Lawsuits and push notifications: The gender gap and sports

By Richard Pryor III
Executive Staff

Earlier this week, I received a push notification from my app version of The New York Times – only three months before the start of the Women’s World Cup, 28 players on the US Women’s National Soccer Team sued the US Soccer Federation (USSF), alleging “institutionalized gender discrimination” in USSF, primarily through lack of pay equity and worse working conditions.

While this has been in the offing for a while, this is still no less important. The players filing the suit are some of the most recognized in the world – Carli Lloyd, Alex Morgan, and Megan Rapinoe amongst others. This isn’t just a soccer problem, either. In 2015, Diana Taurasi of the WNBA’s Phoenix Mercury, the league’s reigning MVP, took the season off to rest for her season that winter in Europe.

At that time, the Mercury paid Taurasi just over one hundred thousand dollars per year, close to the league maximum. Comparatively, her contract with her team in Europe, UMMC Ekaterinburg, paid out in $1.5 million per season. By playing in Europe, she earned over ten times what she earned in America. What was that about equality for all?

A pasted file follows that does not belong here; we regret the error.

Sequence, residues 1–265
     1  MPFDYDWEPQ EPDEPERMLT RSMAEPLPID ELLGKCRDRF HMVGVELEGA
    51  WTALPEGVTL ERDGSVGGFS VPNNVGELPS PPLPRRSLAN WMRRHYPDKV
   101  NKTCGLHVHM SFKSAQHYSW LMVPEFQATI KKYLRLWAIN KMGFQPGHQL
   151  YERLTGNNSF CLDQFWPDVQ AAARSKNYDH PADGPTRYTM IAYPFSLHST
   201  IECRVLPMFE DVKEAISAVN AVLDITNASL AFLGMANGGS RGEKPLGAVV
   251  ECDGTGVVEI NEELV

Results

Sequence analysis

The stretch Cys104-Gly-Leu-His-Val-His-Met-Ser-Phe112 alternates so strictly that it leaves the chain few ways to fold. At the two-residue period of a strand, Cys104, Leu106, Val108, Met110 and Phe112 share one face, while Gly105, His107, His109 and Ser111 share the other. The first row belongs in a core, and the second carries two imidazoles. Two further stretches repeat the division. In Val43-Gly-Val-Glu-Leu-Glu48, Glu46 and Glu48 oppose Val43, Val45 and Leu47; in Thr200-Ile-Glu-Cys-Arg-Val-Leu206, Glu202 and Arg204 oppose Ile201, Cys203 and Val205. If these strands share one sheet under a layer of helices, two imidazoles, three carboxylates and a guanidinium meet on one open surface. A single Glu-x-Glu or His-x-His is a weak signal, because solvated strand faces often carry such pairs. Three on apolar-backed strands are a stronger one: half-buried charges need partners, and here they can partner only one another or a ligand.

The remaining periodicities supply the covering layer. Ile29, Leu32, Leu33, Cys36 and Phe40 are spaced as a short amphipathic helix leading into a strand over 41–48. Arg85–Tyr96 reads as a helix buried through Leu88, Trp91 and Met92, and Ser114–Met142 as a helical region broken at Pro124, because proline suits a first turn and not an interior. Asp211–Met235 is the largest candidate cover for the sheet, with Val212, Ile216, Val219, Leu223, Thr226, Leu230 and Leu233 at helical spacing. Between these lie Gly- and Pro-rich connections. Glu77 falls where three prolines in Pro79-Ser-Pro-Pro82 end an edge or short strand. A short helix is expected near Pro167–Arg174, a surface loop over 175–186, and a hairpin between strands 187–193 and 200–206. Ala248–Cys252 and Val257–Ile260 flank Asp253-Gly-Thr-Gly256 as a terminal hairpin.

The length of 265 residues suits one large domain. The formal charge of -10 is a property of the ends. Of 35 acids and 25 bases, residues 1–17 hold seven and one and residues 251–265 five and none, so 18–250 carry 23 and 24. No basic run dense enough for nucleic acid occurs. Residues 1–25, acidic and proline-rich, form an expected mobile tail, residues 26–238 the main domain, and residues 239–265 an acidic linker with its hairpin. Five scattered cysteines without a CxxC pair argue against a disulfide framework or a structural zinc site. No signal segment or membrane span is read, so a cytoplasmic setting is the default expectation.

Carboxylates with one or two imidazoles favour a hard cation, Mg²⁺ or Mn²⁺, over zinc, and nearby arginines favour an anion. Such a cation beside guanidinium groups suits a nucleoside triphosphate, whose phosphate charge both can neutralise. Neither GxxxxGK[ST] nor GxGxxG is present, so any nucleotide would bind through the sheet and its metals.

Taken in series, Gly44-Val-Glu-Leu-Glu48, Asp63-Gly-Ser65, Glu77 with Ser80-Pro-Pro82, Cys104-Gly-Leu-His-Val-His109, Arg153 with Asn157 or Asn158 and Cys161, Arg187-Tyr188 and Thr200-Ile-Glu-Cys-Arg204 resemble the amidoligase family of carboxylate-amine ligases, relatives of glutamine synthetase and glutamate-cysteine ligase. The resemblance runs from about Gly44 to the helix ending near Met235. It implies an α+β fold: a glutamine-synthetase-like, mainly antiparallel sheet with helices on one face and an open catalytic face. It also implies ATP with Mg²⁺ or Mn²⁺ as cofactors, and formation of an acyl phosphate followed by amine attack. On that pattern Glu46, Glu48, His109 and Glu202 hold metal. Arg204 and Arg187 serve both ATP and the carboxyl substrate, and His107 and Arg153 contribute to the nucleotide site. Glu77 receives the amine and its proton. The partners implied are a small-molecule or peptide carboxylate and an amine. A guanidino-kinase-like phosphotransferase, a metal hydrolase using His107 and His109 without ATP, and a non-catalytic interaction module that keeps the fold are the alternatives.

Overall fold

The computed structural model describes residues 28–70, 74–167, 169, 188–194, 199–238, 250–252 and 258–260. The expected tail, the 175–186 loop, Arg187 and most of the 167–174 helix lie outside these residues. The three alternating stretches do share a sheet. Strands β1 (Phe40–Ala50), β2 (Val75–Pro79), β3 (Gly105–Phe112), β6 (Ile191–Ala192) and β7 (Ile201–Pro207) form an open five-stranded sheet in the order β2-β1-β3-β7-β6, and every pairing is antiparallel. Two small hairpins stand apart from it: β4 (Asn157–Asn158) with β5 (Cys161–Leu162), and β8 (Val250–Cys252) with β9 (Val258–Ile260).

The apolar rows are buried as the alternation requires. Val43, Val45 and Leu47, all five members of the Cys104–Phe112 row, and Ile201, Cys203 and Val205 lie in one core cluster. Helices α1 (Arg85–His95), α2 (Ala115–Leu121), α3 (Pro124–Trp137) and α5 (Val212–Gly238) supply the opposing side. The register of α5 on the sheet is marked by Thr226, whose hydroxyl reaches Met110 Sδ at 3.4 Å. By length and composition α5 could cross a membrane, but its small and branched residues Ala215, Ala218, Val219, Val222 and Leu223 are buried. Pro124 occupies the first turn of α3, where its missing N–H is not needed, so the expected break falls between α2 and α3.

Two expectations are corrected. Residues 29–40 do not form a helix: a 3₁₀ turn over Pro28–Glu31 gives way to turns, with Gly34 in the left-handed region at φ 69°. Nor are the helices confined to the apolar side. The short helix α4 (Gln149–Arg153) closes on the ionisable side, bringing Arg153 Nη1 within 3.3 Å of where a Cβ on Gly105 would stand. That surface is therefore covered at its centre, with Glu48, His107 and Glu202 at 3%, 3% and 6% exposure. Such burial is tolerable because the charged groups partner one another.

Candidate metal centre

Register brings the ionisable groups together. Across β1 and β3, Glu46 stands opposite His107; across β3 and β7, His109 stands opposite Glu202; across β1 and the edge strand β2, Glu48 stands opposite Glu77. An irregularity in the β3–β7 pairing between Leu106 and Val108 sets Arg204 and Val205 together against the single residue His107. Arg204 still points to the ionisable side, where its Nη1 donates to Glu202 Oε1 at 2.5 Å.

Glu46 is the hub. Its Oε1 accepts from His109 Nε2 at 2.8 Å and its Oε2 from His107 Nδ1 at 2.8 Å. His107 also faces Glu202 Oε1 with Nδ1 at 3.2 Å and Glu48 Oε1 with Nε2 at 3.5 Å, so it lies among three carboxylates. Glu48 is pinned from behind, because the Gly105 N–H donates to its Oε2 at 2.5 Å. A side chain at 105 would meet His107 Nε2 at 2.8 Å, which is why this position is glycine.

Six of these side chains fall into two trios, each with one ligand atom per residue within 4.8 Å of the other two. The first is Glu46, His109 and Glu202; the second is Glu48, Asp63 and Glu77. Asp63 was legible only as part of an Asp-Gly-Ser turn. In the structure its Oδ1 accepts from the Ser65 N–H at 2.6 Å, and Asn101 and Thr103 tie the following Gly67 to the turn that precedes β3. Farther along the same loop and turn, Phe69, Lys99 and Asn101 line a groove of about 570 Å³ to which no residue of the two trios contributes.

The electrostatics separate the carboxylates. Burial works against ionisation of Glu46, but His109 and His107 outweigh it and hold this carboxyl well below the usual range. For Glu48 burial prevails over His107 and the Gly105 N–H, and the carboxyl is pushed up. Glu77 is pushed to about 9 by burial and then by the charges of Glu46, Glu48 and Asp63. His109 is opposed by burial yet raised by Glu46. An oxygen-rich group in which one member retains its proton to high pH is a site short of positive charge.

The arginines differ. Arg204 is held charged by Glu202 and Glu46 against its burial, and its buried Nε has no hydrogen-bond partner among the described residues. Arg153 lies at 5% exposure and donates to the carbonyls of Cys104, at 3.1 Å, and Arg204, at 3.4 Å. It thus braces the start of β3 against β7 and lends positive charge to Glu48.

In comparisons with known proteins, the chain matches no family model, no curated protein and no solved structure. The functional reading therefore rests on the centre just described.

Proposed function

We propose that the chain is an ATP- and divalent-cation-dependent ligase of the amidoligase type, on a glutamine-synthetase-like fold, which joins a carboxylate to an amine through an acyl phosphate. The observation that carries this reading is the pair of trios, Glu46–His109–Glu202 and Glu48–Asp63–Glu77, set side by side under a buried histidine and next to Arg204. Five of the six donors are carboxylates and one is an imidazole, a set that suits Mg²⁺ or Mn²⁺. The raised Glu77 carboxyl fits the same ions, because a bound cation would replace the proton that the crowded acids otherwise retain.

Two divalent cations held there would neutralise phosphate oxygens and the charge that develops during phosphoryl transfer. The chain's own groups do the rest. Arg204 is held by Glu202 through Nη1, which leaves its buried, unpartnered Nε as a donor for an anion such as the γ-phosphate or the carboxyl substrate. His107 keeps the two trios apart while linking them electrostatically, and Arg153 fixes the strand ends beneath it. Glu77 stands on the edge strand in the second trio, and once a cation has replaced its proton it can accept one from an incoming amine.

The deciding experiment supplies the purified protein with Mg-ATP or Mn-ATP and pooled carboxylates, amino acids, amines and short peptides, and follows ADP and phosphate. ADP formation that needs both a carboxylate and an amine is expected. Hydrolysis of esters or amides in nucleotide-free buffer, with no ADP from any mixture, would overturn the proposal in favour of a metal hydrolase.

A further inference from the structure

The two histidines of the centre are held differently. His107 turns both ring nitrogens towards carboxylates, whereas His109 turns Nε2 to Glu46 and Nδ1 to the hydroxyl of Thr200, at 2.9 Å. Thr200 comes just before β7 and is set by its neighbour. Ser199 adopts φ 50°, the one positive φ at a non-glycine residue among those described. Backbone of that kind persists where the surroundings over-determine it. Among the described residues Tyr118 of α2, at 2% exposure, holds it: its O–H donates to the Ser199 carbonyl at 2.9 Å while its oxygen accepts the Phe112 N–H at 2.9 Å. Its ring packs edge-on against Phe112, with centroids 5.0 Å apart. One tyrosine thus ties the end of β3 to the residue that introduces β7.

In their article “The Gender Gap in Sport Performance: Equity Influences Equality,” Laura Capranica and her colleagues pose the question about their various countries at the end – “What is an Olympic Gold medal “worth” in your country for male versus female athletes?”

For the United States, while they note that the prize offered by the US Olympic Committee is equal, “unfortunately, a female athlete’s appearance and popularity of her sport may dictate what an Olympic gold medal is really ‘worth.’ Thus, the real value of a gold medal is highly variable.”

The fixing of this gender pay gap requires increased investment. For example, the WNBA has only 12 teams compared to the NBA’s 30. Additionally, the WNBA teams play 34 games to the NBA’s 82 in the regular season.

This seems like a lot. But this situation requires a quick shot of a lot of capital. If not, this situation will continue. And with that, probably more lawsuits and push notifications.